The GAIL stock appears overvalued at current price given the serious worries over the company's earnings growth prospects in the medium term.

Raghuvir Srinivasan

Transmission business growth slows
Margin erosion from higher feedstock prices
Access to reserves a challenge

Shareholders of GAIL (India) may consider exiting the stock at current valuation. The company's performance in 2006-07 points to some serious worries over its earnings growth prospects in the medium term. GAIL appears to be hemmed in by growing competition in its core business of gas transmission even as higher gas prices are set to erode margins in its petrochemicals and LPG (liquefied petroleum gas) businesses, something that was already felt in 2006-07.

Primary dependence on the Bombay High field, which is struggling to increase gas production volumes, and the absence of adequate replacement for this is likely to affect the gas marketing business, unless the company hits pay dirt in its upstream exploration activity. There is also the added regulatory uncertainty of a demerger of the gas transmission business and its impact on the company. All these factors point to a significant downside in the stock from current levels.

Pointers from performance

The gas transmission business is the prime earnings driver for GAIL bringing in 57 per cent of the EBITDA (earnings before interest, depreciation, tax and amortisation) and it could be under siege from competition. GAIL has about 85 per cent share of the transmission market in the country but this is likely to drop significantly once Reliance Gas Transportation Infrastructure Ltd. (RGTIL) starts operations, moving gas from the KG Basin fields.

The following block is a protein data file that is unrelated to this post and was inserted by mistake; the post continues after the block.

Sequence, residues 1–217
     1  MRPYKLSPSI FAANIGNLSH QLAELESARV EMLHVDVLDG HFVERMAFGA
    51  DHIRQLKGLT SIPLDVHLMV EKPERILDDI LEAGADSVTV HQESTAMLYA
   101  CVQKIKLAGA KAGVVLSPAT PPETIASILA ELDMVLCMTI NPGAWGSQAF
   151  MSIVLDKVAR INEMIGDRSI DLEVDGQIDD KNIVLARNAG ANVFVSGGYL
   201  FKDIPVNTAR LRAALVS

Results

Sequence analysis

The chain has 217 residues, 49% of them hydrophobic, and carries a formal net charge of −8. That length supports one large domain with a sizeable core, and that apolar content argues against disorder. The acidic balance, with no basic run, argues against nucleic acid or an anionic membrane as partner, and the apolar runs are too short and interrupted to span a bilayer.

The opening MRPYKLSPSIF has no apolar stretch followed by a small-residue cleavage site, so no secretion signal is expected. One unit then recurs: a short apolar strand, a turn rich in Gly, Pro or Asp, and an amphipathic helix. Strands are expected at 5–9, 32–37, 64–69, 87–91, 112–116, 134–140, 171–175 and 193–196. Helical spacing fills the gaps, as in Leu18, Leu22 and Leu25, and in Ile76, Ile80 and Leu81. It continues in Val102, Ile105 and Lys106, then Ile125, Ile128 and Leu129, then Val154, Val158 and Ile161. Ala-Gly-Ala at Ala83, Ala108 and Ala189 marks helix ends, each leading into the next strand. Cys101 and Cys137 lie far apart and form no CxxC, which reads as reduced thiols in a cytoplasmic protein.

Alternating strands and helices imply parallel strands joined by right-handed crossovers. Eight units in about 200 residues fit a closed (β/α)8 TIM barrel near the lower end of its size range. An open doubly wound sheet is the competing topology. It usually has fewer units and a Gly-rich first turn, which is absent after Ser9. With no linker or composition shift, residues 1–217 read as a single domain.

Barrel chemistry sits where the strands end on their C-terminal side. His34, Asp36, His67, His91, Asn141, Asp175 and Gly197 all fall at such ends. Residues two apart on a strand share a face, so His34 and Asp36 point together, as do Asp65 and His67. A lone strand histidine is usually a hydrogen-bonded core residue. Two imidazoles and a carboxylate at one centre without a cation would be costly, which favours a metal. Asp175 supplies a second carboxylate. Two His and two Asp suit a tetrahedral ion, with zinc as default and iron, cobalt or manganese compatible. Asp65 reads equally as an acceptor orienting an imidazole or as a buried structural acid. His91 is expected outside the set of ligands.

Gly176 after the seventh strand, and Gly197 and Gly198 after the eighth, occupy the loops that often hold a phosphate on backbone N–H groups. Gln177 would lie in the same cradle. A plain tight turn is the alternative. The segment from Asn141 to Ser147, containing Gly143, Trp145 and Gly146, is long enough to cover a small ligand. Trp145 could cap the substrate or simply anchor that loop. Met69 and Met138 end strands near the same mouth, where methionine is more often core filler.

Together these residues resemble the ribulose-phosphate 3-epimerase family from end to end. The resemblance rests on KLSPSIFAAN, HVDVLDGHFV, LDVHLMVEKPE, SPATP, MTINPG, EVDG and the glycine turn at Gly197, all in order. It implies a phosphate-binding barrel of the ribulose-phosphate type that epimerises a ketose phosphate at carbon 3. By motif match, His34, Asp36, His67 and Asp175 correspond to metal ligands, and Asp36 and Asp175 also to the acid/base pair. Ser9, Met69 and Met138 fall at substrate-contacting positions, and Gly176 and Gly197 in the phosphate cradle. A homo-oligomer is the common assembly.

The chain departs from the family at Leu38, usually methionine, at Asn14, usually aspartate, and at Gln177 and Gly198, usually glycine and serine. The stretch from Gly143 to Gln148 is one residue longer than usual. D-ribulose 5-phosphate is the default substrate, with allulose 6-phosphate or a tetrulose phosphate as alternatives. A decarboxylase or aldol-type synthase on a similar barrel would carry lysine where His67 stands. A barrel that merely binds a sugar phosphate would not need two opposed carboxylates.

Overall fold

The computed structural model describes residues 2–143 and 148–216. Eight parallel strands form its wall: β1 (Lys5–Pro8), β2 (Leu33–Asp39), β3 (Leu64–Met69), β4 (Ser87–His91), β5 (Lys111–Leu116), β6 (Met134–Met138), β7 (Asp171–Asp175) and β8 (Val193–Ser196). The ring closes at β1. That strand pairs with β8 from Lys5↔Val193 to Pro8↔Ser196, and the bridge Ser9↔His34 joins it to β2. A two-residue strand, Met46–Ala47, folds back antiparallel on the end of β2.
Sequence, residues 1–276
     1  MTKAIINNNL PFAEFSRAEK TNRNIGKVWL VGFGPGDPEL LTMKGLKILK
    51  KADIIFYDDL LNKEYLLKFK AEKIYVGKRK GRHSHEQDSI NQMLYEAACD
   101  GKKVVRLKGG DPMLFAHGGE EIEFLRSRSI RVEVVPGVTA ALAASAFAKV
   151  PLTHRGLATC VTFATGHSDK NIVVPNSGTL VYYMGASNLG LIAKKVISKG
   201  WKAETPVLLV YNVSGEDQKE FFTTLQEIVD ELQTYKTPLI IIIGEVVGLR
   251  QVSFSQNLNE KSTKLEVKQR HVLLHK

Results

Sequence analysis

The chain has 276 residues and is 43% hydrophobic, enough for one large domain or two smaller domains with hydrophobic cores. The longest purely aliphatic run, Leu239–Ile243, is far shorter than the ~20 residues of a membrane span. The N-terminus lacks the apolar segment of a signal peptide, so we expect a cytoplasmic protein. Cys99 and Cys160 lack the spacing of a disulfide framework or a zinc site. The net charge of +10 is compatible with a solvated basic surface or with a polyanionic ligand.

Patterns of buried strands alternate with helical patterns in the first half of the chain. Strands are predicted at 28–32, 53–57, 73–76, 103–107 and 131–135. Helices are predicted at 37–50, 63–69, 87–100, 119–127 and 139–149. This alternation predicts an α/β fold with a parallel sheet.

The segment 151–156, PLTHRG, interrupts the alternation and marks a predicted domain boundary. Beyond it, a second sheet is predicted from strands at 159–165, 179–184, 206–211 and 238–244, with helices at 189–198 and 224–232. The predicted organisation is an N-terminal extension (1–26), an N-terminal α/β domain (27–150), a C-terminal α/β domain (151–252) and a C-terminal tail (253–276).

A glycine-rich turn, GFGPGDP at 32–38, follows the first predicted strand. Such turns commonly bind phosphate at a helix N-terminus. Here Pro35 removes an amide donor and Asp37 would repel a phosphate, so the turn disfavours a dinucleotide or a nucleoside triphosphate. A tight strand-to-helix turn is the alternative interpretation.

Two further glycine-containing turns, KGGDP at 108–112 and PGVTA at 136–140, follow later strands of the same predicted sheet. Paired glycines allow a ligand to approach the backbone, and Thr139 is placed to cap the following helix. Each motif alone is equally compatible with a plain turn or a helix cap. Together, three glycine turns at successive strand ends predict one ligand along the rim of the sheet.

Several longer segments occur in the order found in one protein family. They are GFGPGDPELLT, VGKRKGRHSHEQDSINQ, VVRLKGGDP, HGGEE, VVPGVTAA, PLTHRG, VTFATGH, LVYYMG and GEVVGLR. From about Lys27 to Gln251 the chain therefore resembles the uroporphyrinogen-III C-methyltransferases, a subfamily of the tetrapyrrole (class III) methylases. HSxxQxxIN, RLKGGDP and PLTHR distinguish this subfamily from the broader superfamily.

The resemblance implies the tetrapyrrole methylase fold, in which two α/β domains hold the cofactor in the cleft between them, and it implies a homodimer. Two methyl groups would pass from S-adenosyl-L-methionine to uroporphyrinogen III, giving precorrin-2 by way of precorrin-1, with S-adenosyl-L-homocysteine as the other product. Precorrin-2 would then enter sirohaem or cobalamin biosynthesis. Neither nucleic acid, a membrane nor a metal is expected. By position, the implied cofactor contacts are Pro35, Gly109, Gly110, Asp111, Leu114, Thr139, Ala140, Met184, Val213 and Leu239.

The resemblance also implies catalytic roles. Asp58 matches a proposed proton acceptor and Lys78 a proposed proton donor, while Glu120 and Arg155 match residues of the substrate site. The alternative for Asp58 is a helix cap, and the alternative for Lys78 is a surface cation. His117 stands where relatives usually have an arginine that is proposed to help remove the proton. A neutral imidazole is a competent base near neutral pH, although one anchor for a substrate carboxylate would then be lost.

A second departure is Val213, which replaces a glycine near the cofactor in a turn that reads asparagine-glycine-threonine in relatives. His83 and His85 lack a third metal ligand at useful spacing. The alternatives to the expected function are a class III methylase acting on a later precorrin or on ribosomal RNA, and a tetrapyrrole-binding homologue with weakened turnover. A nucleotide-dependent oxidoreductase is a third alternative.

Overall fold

RGTIL will obviously get the first right to transport the KG Basin gas and it is already implementing an east-west pipeline originating at Kakinada (Andhra Pradesh) and terminating in Gujarat; it is also likely to construct the other major trunk pipelines to Mangalore via Chennai and Bangalore and to Howrah from Kakinada.

GAIL has signed an MoU with Reliance for onward transport of the KG Basin gas via its Hazira-Bijaipur-Jagdishpur trunk pipeline to the North but the terms, such as the quantity and the price, are unknown now. It would, therefore, be premature to project an increase in volumes based on this MoU.

Gas transmission volumes were 2 per cent lower at 77.28 million metric standard cubic metres per day (MMSCMD) in 2006-07 compared to the previous year and this was despite an overall increase in gas availability and consumption in the country. Gujarat State Petronet Ltd. (GSPL), a subsidiary of Gujarat State Petroleum Corporation, is growing fast in the mature gas market of Gujarat and has already linked up the southern part of the State with the western end. GSPL has succeeded in taking away some of the volumes from GAIL within the State.

GAIL's gas transmission volumes have been showing a declining growth trend the last three years; they grew 14 per cent in 2004-05; 10 per cent in 2005-06 and fell by 2 per cent in 2006-07. As competition intensifies, from 2007-08 the trend of slowing growth is only likely to intensify especially as GAIL is effectively out of some of the major trunk pipelines being planned to transport gas from the KG Basin to the western and southern parts of the country.

Margin erosion